Be wary of consolidating if you’ve already made progress toward loan forgiveness under the 10-year period for public sector employees or the 20-year period under income-driven plans.
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Student loan consolidation is a relatively easy concept to understand: it is the process of taking multiple student loans and combining them into one. Before consolidation, a student borrower might have multiple loans to pay back and many different loan balances to track.
After consolidating his or her loans, a student borrower will have just one monthly payment and just one loan balance to maintain.
Consolidation also opens up the door to extended repayment plans, in which your term can stretch up to 30 years depending on how much debt you have.
Consolidation doesn’t always work to your benefit, however.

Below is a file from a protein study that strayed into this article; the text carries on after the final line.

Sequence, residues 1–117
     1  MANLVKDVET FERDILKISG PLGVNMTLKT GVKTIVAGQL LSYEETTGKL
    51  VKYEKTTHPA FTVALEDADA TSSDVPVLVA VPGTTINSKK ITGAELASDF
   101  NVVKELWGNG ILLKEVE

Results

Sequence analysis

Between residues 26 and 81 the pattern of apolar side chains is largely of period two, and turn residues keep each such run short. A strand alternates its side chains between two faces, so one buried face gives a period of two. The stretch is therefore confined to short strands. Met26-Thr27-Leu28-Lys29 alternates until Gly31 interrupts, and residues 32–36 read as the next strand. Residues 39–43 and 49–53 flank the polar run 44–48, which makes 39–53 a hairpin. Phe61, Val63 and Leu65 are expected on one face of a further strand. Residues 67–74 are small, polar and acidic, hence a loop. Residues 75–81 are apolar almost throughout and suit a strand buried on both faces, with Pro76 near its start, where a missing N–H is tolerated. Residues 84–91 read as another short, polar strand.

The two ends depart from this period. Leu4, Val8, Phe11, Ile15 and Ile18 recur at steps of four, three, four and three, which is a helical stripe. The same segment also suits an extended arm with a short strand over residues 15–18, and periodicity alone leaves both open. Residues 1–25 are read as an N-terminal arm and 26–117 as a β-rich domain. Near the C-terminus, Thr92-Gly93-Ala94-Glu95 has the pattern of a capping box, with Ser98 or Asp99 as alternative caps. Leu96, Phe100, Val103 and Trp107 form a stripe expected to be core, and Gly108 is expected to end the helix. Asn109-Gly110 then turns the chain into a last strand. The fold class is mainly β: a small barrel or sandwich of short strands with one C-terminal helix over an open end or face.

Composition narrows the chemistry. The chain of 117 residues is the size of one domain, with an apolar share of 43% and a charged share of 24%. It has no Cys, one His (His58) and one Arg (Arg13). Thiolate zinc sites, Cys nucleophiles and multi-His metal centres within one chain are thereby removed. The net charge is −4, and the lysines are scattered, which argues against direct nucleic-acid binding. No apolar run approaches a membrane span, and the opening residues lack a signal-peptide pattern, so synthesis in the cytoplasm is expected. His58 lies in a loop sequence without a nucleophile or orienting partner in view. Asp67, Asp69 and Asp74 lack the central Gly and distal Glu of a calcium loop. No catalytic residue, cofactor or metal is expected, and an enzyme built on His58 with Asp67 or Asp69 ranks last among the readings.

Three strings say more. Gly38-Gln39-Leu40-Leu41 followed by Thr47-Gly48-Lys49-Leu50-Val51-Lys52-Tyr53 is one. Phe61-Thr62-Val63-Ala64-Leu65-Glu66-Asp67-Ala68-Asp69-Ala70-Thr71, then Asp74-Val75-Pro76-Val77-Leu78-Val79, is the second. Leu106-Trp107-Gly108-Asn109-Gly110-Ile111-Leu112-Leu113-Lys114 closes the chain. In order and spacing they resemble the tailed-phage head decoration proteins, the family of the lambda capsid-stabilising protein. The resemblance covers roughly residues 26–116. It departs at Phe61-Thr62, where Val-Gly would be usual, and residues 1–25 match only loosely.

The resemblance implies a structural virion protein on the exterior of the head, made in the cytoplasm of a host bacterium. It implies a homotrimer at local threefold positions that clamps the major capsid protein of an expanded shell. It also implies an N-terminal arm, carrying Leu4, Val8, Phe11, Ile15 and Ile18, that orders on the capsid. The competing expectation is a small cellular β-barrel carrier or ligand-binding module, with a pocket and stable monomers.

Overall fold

So, for a simplified example, if you have two loans, one for $10,000 at 4% interest and one for $5,000 at 6%, your consolidated loan will have a $15,000 balance and a 4.7% interest rate.
By combining your interest rates, you also lose the ability to employ a favorite tactic of financial planners for paying down debt: targeting the most expensive debt, the loan with the highest interest rate, first.College students can take out new loans each year they’re in school, so by the time graduation comes, it’s common to have half a dozen, or more, individual loans.Each of them may have different terms, including interest rates.While each form of aid tackles school expenses, there are important distinctions to be made between the types of available assistance.Grants and scholarships provide assistance that is not repaid.Consolidating those loans into a single new one can simplify your payments, especially if your loans are with different loan servicers, the companies that oversee your payments.